However, creativity knows no bounds. Our participants demonstrated that it is capable of overcoming even the most difficult situations.
How did it all start?
When we were considering the continuation of the project two years after the first edition of Made in Maribor, in 2018, my colleague Simona Šuc proposed the idea of an assembleable and mobile module. We worked on the design with Teja Kovač Lozar until an optimally feasible cube with two opening sides presented itself. We sought inspiration from a variety of sources, including sculptor Slavko Tihec and his famous containers from the 1970s, as well as Herbert Diestl and his Museum of Drawers (Das Schubladenmuseum). Then the epidemic caught us off guard, and the project was put on hold until late summer 2021, when it seemed sensible—if not necessary—to continue. The concept of mobility took a back seat, and the notion of the commons and the individual, of limits and freedom, took on an even stronger and clearer meaning as a result of the last two years’ experience.
What could we see at the exhibition venue?
First, the “culprit” had to be expelled, which some cubes accomplished in a humorous and direct manner (Jasna Kozar, Janez Rotman). Others reflect the coronal situation in society more concretely, such as the banality of the rift between the vaxxers and the anti-vaxxers (Peter Ferlan) or the situation in the country and in us (Anka Krašna, Jože Šubic). The granite road-paving cube has a special meaning for the citizens of Maribor, following the example of the 2012 revolt, when these cubes were also thrown, so the very shape of the cube evokes revolt, but Metka Kavčič speaks more directly about it. The short phrase that accompanies the expanded foam “Too much!” perfectly describes how we felt in February 2022 (Andreja Japelj). Nenad Cizl also describes the strange time with a sense of humour, with a creature wandering through the forest.
We have talked a lot about confinement, and it is visible in the multilayered content initiated by the various cube fillers: the intensity of the content is discussed by Matjaž and Borut Wenzel, the multitude by Dragica Čadež, the container experience by Matija Brumen, and the Faustian scene by Marko Japelj. Dorijan Šiško’s visually charged urban space exemplifies saturation as well, while the cube content, where plastic intertwines with natural materials, reminds us of the overabundance of waste (Polona Maher). A witty syllogism on human relations, created by Manica K. Musil and Karolina Babič, suggests what lack of freedom incites in us.
It was also crucial to acknowledge the individual’s woundedness in a reassuring manner; Katja Majer’s cocoon, “where the soul resonates as a whole” and Nataša Grandovec’s place of retreat, as well as Vlasta Zorko’s gesture of solace, speak of a gentle shelter. All of the cubes confirm that creativity is a “sanctuary” in and of itself! Oto Rimele addresses the viewer unambiguously, referring to his own studio. The artistic sanctuary is also revealed in the works of Darko Golija, Nina Šulin, and Slađana Matić Trstenjak, who offer something fine and beautiful, as well as colourfully dreamy, for the new times. Saša Bezjak erects a monument to art and proclaims its immortality.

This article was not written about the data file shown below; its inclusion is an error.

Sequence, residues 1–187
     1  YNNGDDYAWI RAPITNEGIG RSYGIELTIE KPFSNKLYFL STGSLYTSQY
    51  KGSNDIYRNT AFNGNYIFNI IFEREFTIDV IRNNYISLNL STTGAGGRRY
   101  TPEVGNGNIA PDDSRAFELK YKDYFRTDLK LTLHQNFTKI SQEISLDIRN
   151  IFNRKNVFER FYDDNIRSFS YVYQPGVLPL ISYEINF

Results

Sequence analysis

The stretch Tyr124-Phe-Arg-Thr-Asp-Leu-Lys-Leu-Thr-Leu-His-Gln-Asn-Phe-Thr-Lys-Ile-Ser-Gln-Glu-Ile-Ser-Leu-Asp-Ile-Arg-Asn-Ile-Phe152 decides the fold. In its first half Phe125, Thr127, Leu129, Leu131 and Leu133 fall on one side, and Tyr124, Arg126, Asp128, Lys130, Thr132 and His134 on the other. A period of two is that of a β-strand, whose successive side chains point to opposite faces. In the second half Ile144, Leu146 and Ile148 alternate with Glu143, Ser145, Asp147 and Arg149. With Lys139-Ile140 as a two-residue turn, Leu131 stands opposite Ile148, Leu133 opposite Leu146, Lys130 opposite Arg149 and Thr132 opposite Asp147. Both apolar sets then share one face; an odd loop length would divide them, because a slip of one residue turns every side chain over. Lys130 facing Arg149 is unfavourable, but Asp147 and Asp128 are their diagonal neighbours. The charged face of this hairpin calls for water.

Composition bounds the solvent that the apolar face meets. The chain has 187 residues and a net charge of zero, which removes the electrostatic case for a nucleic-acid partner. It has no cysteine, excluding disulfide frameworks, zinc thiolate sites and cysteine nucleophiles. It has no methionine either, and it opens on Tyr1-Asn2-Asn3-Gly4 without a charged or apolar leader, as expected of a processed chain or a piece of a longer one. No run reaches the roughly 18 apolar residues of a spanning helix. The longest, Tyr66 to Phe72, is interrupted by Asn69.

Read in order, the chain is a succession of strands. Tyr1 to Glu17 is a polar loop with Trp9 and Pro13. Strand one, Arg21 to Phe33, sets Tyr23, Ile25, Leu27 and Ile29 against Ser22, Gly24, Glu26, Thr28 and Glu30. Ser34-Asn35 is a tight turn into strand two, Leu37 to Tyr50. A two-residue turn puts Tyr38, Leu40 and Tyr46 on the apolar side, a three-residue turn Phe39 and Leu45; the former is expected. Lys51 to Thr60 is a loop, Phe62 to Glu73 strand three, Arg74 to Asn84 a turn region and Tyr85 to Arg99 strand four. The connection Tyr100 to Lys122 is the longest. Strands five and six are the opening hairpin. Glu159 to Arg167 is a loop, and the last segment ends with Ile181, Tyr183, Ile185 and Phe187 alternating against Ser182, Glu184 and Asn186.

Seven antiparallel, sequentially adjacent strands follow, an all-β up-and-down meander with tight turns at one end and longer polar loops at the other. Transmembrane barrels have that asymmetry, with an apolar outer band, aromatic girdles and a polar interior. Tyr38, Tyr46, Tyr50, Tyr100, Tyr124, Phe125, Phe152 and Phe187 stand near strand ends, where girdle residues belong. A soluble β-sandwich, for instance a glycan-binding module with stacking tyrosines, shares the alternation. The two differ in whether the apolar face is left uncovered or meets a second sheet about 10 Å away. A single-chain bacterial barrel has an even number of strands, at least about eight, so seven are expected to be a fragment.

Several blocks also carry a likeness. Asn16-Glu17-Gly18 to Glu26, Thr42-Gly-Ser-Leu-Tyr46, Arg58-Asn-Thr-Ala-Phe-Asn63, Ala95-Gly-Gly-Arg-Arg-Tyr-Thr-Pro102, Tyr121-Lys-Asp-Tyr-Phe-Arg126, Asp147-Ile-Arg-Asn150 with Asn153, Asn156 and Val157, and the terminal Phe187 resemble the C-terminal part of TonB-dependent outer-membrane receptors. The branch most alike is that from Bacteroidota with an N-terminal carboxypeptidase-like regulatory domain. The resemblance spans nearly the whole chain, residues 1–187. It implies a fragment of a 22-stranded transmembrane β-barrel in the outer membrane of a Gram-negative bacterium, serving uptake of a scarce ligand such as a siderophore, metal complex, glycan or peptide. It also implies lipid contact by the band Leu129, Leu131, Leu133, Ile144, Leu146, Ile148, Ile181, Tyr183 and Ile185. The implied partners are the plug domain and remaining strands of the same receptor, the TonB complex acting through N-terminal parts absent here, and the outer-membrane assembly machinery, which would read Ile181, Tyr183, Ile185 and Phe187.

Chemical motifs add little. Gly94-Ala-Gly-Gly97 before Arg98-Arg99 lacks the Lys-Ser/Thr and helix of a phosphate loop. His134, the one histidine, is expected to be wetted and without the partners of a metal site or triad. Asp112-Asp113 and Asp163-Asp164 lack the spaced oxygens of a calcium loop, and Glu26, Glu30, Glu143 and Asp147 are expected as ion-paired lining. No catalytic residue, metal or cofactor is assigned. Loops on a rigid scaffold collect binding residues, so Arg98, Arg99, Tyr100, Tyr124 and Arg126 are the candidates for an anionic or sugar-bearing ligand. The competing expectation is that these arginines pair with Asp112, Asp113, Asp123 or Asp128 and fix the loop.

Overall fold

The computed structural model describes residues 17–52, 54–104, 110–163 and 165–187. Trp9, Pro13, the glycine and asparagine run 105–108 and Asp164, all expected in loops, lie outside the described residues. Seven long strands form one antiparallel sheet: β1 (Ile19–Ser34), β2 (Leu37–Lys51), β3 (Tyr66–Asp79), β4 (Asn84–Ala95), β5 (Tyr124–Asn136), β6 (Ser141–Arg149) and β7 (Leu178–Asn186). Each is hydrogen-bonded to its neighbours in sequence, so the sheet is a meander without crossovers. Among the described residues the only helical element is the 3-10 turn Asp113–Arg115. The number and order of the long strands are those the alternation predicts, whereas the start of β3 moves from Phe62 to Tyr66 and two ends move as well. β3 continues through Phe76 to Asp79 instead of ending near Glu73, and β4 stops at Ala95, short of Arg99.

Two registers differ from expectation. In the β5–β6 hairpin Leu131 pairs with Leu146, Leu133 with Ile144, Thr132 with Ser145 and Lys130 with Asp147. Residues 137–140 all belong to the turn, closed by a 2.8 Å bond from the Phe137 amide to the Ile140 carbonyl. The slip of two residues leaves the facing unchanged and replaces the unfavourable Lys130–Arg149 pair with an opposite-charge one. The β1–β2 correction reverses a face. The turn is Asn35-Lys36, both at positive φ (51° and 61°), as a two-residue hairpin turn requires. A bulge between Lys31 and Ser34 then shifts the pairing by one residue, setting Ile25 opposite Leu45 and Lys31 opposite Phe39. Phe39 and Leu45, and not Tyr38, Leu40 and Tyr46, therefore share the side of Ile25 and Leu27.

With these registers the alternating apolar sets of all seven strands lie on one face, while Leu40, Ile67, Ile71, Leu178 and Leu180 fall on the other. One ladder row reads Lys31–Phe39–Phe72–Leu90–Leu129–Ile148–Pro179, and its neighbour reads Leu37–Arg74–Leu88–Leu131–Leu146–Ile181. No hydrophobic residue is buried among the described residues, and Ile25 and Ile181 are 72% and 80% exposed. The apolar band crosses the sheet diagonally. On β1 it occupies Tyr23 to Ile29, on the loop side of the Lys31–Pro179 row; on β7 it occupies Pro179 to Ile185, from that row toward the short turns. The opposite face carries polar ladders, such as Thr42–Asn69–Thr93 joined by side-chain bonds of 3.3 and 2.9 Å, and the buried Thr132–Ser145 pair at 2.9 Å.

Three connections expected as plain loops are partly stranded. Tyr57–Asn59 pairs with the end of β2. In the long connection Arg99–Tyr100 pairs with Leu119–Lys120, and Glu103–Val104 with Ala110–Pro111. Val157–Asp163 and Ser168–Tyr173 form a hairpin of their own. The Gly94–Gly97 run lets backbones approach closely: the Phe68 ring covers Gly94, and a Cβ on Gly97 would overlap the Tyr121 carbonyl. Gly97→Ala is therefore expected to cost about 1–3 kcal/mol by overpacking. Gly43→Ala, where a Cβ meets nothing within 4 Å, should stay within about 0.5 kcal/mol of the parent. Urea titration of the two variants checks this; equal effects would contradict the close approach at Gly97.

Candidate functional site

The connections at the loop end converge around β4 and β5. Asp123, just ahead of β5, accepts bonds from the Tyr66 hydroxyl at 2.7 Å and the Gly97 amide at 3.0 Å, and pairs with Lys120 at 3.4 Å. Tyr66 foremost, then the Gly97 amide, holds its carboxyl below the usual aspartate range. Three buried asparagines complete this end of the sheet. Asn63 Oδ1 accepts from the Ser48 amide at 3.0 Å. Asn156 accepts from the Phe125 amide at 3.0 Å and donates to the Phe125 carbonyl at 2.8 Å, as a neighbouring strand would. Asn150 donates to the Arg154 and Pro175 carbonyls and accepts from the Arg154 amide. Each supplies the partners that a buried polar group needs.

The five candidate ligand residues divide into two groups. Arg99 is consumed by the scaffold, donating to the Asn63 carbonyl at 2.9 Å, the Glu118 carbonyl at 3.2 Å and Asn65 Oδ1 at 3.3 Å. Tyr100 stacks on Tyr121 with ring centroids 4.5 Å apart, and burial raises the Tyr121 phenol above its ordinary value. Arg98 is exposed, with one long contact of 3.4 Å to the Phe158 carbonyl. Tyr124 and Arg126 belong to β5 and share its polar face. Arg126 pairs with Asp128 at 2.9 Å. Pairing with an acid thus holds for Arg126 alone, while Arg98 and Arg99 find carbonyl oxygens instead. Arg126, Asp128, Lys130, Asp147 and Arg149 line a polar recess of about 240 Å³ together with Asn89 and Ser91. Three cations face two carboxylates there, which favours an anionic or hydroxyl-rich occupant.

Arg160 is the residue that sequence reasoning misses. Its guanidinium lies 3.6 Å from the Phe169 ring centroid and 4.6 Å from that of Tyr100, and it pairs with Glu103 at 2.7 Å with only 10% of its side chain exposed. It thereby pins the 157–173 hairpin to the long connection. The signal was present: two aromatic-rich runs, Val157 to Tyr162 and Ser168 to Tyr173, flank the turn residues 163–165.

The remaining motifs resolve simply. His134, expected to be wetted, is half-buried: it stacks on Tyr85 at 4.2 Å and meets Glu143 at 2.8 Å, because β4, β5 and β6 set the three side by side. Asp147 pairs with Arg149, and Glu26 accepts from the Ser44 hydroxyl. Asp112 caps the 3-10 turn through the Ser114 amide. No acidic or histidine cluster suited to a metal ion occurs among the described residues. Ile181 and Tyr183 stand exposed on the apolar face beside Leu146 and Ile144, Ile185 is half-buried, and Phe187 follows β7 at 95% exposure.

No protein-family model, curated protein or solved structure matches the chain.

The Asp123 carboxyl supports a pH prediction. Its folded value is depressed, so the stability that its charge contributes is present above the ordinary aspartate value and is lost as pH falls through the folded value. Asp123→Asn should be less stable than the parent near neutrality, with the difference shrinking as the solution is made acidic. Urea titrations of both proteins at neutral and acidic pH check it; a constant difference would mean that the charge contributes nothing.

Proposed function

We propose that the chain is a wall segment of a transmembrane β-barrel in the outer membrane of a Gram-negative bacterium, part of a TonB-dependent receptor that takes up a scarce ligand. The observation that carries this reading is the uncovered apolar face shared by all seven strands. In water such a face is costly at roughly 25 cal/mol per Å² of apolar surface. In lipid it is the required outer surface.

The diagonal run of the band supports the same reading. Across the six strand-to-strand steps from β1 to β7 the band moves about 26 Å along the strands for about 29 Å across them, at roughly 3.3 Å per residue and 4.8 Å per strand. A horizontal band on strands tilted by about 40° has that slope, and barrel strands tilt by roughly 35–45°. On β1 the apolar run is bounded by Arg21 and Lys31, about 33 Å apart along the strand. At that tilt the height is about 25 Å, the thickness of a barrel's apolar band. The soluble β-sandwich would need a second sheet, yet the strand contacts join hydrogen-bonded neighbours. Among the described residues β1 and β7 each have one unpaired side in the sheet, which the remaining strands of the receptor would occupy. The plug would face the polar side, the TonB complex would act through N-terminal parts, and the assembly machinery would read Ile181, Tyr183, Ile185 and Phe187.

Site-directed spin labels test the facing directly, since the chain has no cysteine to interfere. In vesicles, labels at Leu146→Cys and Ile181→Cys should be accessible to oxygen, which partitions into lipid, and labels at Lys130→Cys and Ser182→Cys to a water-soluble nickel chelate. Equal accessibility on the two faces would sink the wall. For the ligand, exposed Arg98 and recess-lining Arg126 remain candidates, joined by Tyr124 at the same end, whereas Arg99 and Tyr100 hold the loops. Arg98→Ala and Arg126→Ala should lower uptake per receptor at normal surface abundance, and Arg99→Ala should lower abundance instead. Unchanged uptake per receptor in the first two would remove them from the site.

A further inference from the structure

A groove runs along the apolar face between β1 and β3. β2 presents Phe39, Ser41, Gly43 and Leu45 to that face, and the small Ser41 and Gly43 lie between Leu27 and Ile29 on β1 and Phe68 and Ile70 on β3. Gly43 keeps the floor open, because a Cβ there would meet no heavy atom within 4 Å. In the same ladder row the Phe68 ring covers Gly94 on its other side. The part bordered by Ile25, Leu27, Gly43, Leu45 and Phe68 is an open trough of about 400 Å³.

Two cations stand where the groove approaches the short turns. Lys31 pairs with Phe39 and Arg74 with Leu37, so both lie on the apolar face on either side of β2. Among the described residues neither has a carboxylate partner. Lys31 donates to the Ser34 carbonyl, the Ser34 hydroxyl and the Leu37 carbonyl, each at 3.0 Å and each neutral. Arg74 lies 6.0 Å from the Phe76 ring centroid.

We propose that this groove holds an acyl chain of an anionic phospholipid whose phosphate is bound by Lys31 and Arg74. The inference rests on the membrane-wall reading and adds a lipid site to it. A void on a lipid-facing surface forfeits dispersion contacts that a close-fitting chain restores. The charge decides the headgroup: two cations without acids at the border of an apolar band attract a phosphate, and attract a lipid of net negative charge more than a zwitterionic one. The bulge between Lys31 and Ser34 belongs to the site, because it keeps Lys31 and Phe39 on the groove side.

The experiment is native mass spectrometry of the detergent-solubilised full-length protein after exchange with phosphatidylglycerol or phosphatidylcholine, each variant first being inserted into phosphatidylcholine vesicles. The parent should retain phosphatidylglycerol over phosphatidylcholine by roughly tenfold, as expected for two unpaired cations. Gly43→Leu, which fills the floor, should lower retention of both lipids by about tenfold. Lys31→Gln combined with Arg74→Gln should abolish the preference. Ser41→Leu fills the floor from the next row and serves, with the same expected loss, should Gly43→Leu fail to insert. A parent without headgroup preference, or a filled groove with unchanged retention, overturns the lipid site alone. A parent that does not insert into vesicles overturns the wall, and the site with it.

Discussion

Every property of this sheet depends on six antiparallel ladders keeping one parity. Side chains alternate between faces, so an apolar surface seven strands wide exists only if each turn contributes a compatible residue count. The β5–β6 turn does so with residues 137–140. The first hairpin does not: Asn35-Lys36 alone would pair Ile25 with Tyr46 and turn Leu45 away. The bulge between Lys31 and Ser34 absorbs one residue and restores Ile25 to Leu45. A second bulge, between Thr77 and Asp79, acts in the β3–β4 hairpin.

All of the works could be considered self-portraits, but the most obvious one, aside from the aforementioned cube with the artist’s shoes by Oto Rimele, is the cube by the painter Ludvik Pandur, who composes his image spatially. Some of the cubes invite us to join in. To get to the content, we must be curious; sometimes we must open the cube and peer inside, while other times we must roll it on the floor, as in Samo Pajek’s work. Some cubes require us to stand on our toes, while others require us to bend down (Aleksandra Saška Gruden). However, we must often confront ourselves: in Samuel Grajfoner’s work, we can measure the affliction of our own soul with his precise gauge, but most directly through our own image—we see ourselves in an ampoule, suggesting a solution to unsolvable problems (Borut Popenko), or in a mirror, with the aim of extracting the essence (Teja Kovač Lozar).
It immediately became obvious that the space needed to be expanded. Marjan Drev, who used a sophisticated topological device to reveal the multidimensional space of the knot, and Natalija Juhart Brglez, who conquered a city’s larger space using refracted perspectives, provide a different point of view. The extension can also be done in Natalija R. Črnčec’s favourite colour, sky blue, which has no boundaries. Reflective surfaces are frequently used to multiply space in a variety of ways, as stated by Mateja Katrašnik and Polona Lipičnik, in order to make us aware of “the multiplicity of sensation and co-creation”.